A way to overcome and keep progress and commitments visible at all times is to use a team tool. Many teams have adopted Microsoft Teams since the pandemic but not all are taking advantage of the team task tool. If you are not using Microsoft Teams there are many apps like Teamwork, Asana or Evernote Business to help teams to keep track of what’s happening and ensure everyone is working on what they should be working on. Ensuring your team know what they should be doing at all times is essential for performance and productivity.

Check your Processes

A lot of modern teams lack defined processes, leaving team members to their own devices, having to figure out best practise for themselves. This leads to individuals creating their own way of doing things which may not always be the most efficient. All processes in an organisation need agreed and followed but even more so when working remotely.

Understanding your processes will avoid the “this is the way we have always done it” syndrome and ensure that things are being done for the right reasons. Mapping your process will identify areas for improvement and highlight inefficiencies and assist your team in doing their job. You can also map your process from a customer perspective, so mapping the current customer journey might help to improve your service to the customer which may have changed with the current circumstances. By doing this you can make sure that you customers are satisfied with your service and will come back for more, it also helps you to continuously improve on the service you are currently delivering.

Having processes are not only good for your customer and your business, they also help your employees to work more effectively by reducing ambiguity and uncertainty at work. Frustration at work often stems from doubt and uncertainty so by implementing processes you are giving your employees a way of working that will both benefit them and the company on the whole.

If you don’t know where to start, check out this blog post from Process street, a tool that helps you to manage your teams recurring processes and workflows.  top 10 business processes.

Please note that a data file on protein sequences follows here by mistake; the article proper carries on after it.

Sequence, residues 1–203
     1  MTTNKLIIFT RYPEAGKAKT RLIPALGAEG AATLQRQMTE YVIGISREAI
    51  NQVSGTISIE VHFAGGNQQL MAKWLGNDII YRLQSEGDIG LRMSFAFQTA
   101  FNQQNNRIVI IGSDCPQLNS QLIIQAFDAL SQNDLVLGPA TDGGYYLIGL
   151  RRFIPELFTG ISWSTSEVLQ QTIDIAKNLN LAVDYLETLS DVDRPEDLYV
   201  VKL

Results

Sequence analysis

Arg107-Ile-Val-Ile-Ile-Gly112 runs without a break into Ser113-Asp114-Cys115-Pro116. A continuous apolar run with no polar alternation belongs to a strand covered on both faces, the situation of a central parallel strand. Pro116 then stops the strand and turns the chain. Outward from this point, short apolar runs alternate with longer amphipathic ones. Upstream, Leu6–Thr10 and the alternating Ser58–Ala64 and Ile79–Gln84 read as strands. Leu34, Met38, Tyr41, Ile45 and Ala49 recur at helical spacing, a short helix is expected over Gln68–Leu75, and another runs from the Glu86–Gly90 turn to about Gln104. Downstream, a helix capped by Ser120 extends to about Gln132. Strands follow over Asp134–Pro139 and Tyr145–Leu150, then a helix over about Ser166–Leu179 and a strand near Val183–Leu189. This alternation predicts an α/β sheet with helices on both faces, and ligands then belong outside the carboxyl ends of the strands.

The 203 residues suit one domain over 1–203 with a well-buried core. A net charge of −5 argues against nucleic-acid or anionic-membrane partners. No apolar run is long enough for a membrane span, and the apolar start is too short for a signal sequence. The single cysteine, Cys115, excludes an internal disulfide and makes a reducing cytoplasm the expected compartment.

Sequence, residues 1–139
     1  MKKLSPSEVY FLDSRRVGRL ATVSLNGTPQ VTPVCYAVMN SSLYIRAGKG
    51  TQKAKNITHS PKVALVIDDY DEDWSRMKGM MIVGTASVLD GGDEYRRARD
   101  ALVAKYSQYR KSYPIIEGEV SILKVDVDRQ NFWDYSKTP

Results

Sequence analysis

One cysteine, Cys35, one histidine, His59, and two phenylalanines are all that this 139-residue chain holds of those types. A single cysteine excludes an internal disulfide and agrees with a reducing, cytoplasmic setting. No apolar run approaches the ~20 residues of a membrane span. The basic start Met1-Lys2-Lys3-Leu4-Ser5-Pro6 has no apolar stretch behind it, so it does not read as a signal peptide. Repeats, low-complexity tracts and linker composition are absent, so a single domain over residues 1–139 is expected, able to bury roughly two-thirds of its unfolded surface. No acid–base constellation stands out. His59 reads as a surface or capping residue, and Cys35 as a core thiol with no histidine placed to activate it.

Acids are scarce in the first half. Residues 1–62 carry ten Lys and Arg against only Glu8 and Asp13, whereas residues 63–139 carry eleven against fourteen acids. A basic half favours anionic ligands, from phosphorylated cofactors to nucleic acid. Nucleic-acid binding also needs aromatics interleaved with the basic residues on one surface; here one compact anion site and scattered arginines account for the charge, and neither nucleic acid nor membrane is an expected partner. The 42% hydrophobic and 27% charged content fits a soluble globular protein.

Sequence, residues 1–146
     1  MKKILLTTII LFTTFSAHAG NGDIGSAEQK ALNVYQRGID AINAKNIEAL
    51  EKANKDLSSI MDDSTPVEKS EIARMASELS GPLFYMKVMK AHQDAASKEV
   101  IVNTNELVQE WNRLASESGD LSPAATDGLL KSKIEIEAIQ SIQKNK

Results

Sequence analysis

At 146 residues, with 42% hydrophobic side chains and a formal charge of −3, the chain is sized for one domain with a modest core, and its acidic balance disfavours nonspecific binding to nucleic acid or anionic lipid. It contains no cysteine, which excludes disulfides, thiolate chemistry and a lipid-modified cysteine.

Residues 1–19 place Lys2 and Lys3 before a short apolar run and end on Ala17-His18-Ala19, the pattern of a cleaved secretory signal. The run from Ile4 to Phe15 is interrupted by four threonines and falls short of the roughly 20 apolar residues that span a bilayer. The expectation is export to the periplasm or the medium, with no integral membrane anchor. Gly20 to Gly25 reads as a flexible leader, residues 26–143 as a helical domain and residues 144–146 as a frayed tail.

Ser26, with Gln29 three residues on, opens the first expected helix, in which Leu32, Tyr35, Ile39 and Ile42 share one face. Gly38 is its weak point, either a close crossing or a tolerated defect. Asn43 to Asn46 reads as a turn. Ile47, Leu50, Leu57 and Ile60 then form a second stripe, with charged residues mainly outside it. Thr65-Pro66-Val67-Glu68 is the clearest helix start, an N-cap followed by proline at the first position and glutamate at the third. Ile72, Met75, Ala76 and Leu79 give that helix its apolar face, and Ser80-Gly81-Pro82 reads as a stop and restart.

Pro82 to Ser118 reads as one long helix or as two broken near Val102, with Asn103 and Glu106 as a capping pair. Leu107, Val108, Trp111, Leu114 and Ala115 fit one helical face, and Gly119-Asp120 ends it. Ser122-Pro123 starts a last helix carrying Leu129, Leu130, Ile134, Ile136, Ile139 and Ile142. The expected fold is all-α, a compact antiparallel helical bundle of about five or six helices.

Give Attention Where Needed

In order to ensure top performance from your team your attention is needed and this becomes more challenging when you are managing a hybrid team. It can be wearisome to have a boss who is never available to answer your questions. When you do manage to speak to them their attention is elsewhere. It is very difficult to perform at your best when you get no support from above. In order to get the most from your people they must be able to command your attention when they need you and not only when you choose to give it to them. While it is important to manage your time and your availability. There needs to be a balance. Lack of availability for your team will lead to lack of engagement from the members and a lack of trust. Trust is the foundation in any team and if there is an absence of trust between the team member and their leader all other attempts at creating a high .

One way to pay more attention to your people is to strengthen your empathy skills, empathy allows us to relate to the emotions or experiences of others, empathy shows we care. If you manage a team of people you should be aware of each person’s strengths and weaknesses and understand them as a person as well as an employee.

If your empathy skills are a little lacking, you can start by practicing your listening skills. When listening try to listen to both the words the person is saying as well as their body language. Try to watch for alignment and recognise when what the person says is not congruent with their body language. Getting to know your team should help increase performance of all involve

Hold Them Accountable